How do we learn?

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How do we learn
How do we learn

How do we learn?

Have you ever heard the saying that learning never stops? We learn something new
every day, sometimes it can a big scientific theory and occasionally it’s a small life hack.
But how do we acquire new information? According to behavioral psychologists we
learn in 3 ways, through consequences of our actions, association, and observation.
Operant conditioning is when we learn through our actions. According to BF Skinner, an
American psychologists, the consequences of our behaviors dictate how we conduct
ourselves. This is because our consequences act as reinforcers. There are three kinds
of reinforcers: positive and negative reinforcement and punishment. Positive reinforcers
are positive consequences to our actions that increase the frequency of said actions.
Negative reinforces are consequences to our actions that take away something
undesirable or unpleasant. Punishment is when the consequences of our behavior
reduce said expression of behavior. While positive and negative reinforcement is used
to increase a certain behavior and punishment is used to decrease or eradicate a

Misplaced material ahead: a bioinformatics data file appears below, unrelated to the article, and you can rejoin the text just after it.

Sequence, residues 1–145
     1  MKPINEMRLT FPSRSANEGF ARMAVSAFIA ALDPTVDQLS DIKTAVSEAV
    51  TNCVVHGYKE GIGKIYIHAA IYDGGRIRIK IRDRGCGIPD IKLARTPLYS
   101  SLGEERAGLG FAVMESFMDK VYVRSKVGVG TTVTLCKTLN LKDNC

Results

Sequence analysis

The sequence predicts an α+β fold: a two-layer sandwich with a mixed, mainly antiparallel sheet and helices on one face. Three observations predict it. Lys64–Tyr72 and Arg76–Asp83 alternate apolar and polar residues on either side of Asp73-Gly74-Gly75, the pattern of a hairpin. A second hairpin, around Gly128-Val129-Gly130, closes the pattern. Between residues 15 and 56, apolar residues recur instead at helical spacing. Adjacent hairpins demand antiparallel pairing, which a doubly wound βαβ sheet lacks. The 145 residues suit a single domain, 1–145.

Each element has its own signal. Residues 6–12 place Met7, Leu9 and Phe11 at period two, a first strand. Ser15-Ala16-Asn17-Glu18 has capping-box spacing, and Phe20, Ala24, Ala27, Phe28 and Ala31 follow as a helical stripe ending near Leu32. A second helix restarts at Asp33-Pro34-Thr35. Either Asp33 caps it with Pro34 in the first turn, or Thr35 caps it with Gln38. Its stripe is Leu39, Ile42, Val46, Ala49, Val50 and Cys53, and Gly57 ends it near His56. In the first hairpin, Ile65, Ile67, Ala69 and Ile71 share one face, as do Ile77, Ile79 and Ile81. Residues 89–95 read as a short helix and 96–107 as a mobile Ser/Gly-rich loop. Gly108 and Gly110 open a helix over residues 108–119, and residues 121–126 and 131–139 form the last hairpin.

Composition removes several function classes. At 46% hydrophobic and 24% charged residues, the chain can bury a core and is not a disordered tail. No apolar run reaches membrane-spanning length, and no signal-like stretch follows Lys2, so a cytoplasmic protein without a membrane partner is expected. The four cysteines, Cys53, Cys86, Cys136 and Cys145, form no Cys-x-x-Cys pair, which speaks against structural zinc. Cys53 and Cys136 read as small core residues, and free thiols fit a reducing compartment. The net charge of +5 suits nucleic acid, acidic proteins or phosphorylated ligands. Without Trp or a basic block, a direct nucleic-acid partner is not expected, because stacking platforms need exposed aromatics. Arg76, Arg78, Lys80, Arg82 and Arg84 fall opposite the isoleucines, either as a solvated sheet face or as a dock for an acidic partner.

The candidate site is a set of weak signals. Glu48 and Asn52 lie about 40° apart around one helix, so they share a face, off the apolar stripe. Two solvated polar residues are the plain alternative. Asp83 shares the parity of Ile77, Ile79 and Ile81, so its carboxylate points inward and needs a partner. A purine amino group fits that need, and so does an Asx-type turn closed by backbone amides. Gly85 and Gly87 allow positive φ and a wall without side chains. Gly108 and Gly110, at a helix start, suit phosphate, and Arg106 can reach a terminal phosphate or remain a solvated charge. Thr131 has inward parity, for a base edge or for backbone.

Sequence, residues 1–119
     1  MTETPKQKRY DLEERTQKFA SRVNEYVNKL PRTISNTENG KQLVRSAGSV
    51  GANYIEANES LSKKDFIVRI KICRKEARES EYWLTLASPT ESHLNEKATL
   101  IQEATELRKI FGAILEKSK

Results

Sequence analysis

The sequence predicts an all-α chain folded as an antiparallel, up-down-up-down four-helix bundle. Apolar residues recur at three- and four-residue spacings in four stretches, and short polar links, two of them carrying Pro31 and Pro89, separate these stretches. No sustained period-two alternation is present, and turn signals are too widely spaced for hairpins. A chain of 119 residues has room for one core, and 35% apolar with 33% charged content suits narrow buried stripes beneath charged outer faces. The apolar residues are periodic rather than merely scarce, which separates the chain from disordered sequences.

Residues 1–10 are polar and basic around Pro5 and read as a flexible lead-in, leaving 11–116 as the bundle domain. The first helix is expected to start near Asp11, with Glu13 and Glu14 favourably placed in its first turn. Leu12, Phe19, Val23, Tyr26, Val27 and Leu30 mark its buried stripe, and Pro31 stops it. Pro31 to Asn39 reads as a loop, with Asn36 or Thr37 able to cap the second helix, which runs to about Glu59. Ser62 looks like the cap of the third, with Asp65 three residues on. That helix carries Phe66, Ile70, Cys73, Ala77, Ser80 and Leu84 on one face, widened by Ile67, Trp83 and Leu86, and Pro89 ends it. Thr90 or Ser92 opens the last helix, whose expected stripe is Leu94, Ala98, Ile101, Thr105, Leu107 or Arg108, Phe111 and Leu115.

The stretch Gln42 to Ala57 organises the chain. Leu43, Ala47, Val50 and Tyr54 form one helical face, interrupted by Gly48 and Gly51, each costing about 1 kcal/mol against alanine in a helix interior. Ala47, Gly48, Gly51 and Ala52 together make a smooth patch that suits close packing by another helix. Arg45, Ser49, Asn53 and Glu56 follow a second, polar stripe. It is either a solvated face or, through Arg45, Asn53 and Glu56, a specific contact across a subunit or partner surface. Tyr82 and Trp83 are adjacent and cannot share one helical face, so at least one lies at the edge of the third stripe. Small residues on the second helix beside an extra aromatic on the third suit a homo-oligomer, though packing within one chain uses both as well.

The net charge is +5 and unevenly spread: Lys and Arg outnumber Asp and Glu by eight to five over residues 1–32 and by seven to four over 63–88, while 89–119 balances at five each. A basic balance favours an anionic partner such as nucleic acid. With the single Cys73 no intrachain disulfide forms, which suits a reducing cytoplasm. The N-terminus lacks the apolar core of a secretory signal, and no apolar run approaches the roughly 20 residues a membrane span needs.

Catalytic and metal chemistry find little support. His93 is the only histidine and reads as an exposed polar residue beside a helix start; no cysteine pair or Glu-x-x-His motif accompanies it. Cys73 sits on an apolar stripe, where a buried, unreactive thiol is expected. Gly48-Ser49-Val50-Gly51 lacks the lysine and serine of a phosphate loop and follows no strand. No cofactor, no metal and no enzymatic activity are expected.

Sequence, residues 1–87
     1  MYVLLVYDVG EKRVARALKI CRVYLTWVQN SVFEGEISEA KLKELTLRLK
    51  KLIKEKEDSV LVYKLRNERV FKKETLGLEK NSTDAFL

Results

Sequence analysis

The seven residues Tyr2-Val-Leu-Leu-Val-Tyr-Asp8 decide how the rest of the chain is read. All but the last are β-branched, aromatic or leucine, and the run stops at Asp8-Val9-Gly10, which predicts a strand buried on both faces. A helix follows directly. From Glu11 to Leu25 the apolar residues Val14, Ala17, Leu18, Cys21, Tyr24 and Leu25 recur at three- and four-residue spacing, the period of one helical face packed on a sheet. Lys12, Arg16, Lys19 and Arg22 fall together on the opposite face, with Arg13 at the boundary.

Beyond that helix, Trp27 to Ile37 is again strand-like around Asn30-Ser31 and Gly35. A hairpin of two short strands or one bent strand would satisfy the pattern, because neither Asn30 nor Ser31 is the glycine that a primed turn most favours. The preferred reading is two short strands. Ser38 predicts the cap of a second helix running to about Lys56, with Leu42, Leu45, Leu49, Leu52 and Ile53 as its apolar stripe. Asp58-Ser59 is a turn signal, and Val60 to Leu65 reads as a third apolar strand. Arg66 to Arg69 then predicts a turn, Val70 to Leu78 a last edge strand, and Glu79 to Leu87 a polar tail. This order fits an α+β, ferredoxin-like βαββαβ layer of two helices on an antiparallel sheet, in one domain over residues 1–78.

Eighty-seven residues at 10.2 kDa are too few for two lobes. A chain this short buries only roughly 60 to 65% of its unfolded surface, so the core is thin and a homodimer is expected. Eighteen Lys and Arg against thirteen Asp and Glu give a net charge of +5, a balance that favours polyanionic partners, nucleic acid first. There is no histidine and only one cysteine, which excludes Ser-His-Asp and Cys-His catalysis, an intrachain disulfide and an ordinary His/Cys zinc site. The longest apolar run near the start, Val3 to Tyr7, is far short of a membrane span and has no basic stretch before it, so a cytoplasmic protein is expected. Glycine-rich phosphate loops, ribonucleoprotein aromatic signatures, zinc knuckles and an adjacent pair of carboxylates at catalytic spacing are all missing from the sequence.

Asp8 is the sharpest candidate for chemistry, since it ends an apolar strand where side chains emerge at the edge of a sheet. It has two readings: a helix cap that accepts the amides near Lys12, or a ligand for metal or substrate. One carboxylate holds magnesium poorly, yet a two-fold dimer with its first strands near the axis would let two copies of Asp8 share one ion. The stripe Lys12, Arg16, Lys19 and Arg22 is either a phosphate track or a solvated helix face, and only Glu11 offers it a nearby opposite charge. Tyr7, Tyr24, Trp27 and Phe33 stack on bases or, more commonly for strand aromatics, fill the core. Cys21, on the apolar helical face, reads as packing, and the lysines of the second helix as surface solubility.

behavior
The classical condition is learning through association. One of the most talked-about
studies in the world of psychology is Pavlov’s study of classical condition where he
conditions a dog to salivate as a response to the ringing of a bell. In classical
conditioning, we take a response to a stimulus and condition that response to a different
stimulus through repeated association. In Pavlov’s study, every time a bell rang the dog
was served food, and seeing food he began to salivate. After this happened multiple
times, the dog learned to associate the bell with food which triggered his salivation even
if he did not get food.

The theory of learning through observation is called The Social Learning Theory. The
theory by Albert Bandura has 4 steps: Attention, Retention, Reproduction, and
Motivation. In the first step, the observer needs to attentively observe the action or
behavior they are trying to learn or will learn. Then the observer must remember that
behavior or action, this is retention. Then follows the third step, production/reproduction,
where the observer must be able to imitate the behavior that they retained. However,
they will not learn the behavior by mimicking it once. It is required that they repeat that
behavior. This brings us to the last step, motivation where the observer must see the
action being rewarded which will act as a reinforcer and motivate them to replicate that
behavior more than once.

 

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